Washington, June 24 : Physicians would now be able to accurately detect Alzheimer's disease at an earlier stage- thanks to an automated system for measuring brain tissue with magnetic resonance imaging (MRI), a new study has revealed.
Alzheimer's disease is characterised by nerve cell death and tissue loss leading to shrink of all areas of the brain, especially the hippocampus region.
And now, radiologists would be able to visualize subtle anatomic changes in the brain that signal atrophy, or shrinkage with the help of MRI with high spatial resolution. However, the standard practice for measuring brain tissue volume with MRI, called segmentation, is a complicated, lengthy process.
"Visually evaluating the atrophy of the hippocampus is not only difficult and prone to subjectivity, it is time-consuming. As a result, it hasn't become part of clinical routine," explained the study's lead author, Olivier Colliot, Ph.D, from the Cognitive Neuroscience and Brain Imaging Laboratory in Paris, France.
For the study, the researchers used an automated segmentation process with computer software developed in their laboratory for measuring the volume of the hippocampus in 25 patients with Alzheimer's disease, 24 patients with mild cognitive impairment and 25 healthy older adults.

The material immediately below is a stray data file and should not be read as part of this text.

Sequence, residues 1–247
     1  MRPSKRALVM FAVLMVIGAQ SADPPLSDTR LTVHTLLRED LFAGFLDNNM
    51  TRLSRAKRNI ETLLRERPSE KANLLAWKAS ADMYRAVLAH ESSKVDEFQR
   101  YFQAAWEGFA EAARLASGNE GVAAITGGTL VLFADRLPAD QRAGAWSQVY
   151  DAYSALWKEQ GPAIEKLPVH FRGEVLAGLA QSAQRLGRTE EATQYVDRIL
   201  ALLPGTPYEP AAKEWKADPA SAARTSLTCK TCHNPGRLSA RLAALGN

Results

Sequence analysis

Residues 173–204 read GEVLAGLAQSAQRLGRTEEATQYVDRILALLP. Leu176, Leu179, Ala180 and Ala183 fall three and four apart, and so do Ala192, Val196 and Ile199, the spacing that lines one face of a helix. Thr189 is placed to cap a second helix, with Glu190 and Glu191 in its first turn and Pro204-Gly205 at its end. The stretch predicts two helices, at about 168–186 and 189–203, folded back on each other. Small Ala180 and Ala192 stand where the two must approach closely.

Later, these MRI volume measurements were compared with those reported in studies of similar patient groups using the visual, or manual, segmentation method.
A significant reduction in hippocampal volume was found in both the Alzheimer's and cognitively impaired patients when compared to the healthy adults. Alzheimer's patients and those with mild cognitive impairment had an average volume loss in the hippocampus of 32 percent and 19 percent, respectively. Studies using manual segmentation methods have reported similar results.
"The performance of automated segmentation is not only similar to that of the manual method, it is much faster. It can be performed within a few minutes versus an hour," said Colliot.
The Alzheimer's Association said that one of the goals of modern neuroimaging is to help in the early and accurate diagnosis of Alzheimer's disease, which can be challenging. When the disease is diagnosed early, drug treatment can help improve or stabilize patient symptoms.
"Combined with other clinical and neurospychological evaluations, automated segmentation of the hippocampus on MR images can contribute to a more accurate diagnosis of Alzheimer's disease," said Colliot.
The study is published in the upcoming issue of the journal Radiology.